Mary Higgins Clark, the prolific Irish American suspense author, passed away on January 31, 2020.
Mary Higgins Clark, the Irish American suspense novelist, has died at the age of 92. The award-winning best selling author began her writing career in earnest after the untimely death of her husband Warren from a heart attack left her a single mother of five children, making breadwinning an immediate necessity.
Raised in the Bronx in the Depression era by her Irish immigrant father Luke and her mother of Irish descent Nora, she learned early how to meet life's challenges head-on and her fighting spirit never deserted her.
Rising at five, she would write until seven each morning, then help get the kids ready for school. Soon she was supporting her growing family by writing short historical clips for radio and writing less successful short stories that were usually rejected by publishers.
In 1975, she wrote her first bestseller "Where Are The Children" and the profits meant that her money worries, always a concern, were finally over. Her books have gone on to sell more than 100 million copies in the US alone.
The author of over 50 books, all of which are still in print, she was feted by her own peers like The Association of US Mystery Writers, who awarded her with the Edgar Prize (one of the most prestigious of the genre) in 2000.
In France, she was named a "Knight of the Order of Arts and Letters" in 2000.
As with every writer, Higgins Clark had her critics. “One woman wrote that my new book started a little slowly. Mother of God, I thought, there’s a murder on the first page!”
She never lost her deep connection to her Irish heritage. “All of my main characters, I hate the word heroines, are of Irish descent,” she told IrishCentral in 2016. “That's because I know what an Irish gal thinks, I know what her mother told her, so I know her inside the minute I start the book. I'm always grateful for my storytelling ability, based I always say on my Irish heritage.”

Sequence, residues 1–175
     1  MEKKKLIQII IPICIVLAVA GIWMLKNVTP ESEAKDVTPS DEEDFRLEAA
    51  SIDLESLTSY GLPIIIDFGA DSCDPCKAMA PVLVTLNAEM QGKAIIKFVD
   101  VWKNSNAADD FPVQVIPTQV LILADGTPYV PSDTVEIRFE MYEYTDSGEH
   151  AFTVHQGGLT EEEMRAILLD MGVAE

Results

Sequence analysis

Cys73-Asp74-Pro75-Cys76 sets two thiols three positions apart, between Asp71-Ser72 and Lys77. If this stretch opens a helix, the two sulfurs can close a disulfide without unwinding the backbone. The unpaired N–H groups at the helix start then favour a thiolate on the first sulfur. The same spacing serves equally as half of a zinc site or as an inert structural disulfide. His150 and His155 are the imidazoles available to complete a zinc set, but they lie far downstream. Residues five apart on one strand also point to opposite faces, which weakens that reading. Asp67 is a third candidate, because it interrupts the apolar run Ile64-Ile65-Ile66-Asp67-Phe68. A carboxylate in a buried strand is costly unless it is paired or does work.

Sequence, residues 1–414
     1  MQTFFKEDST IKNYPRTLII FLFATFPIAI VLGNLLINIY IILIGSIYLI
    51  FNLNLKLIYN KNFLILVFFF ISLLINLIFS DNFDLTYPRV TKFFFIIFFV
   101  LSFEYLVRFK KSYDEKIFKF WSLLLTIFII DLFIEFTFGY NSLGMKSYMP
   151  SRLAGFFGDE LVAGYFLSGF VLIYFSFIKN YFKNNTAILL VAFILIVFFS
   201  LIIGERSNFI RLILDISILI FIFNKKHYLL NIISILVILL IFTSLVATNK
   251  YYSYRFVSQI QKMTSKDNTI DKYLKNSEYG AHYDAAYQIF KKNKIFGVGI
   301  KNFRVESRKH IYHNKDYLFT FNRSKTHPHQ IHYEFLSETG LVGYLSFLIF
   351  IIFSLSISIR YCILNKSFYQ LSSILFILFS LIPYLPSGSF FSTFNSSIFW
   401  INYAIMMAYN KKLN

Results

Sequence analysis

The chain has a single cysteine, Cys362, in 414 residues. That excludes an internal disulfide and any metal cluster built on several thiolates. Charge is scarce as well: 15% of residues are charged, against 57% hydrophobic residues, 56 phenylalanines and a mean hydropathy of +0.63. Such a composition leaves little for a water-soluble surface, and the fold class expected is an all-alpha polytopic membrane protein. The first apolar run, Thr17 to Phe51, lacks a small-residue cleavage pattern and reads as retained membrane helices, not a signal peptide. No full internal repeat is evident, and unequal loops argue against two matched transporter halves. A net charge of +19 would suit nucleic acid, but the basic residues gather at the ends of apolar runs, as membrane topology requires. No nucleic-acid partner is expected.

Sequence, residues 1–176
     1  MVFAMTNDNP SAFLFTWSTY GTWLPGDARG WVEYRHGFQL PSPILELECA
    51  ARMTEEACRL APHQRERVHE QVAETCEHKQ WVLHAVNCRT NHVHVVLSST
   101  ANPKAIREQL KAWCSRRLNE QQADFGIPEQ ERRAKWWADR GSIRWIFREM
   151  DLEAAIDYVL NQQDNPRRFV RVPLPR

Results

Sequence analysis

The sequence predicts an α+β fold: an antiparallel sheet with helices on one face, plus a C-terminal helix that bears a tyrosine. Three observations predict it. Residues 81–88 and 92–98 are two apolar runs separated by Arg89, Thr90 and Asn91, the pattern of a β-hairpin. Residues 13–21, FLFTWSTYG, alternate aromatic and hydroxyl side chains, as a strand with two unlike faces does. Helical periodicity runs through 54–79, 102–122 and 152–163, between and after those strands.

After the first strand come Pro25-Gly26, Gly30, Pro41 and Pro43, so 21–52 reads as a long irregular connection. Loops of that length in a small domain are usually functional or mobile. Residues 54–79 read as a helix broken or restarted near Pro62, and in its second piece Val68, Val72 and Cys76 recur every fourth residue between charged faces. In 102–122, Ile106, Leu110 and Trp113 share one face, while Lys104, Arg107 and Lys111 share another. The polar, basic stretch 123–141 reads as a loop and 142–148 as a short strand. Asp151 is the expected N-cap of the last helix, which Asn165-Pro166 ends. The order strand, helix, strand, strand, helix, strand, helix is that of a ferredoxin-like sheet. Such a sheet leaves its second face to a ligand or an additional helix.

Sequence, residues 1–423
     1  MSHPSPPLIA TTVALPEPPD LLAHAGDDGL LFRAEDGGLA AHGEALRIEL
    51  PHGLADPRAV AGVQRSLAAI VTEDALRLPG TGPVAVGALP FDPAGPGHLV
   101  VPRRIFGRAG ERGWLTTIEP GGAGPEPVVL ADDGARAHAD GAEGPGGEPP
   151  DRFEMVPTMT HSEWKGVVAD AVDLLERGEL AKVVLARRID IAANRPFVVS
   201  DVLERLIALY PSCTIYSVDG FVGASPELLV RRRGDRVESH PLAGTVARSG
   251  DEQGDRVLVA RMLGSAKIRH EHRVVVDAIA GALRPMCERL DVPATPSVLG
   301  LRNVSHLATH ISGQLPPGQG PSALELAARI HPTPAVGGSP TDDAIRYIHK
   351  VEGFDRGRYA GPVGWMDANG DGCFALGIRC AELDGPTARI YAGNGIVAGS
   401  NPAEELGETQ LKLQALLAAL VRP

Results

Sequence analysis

Higgins Clark, a former grand marshal of the New York City St. Patrick’s Day parade, had a classic Irish background.
“My father came over in 1905. He was 21. I was just showing it to some friends because I have the ship’s log. He had to declare how much money he had when he came over,” she relates.
“He had five pounds in his pocket. My husband’s father had 10 pounds when he came over. So he says he married beneath his station.”
It’s that kind of wry humor that marks her as a member of the tribe. In a life that has had more than its fair share of hard knocks, Higgins Clark believed the Irish have a way of coping with adversity that is unlike any other culture.
“Because we can accept what comes to us without bitterness,” she said. “We’re even able to oddly joke about it.
“We like to remember the good stories about a person we have lost and not be self-pitying. It’s a very strong thing to have faith that the person has gone on to a better place. Even though the grief is there, it’s not despair.”
A true Irishman can’t go to the store for a bottle of milk without an adventure on the way, she says.
The family story Higgins Clark remembers best concerns the1918 flu epidemic.
“My uncle was engaged to be married but his young wife was buried a week later in her wedding dress. My mother and her sisters were talking about him saying, ‘Oh, poor Anna Curley, Jimmy had the apartment all ready for her.’ He had bought everything he could think of, he had it down to the last detail and on the day of her funeral he said – I’ll never draw another sober breath. And one of the girls said, ‘And wasn’t he a man of his word!’”
Heartbreaking and funny at the same time. That’s the Irish note. Higgins Clark never lost it.
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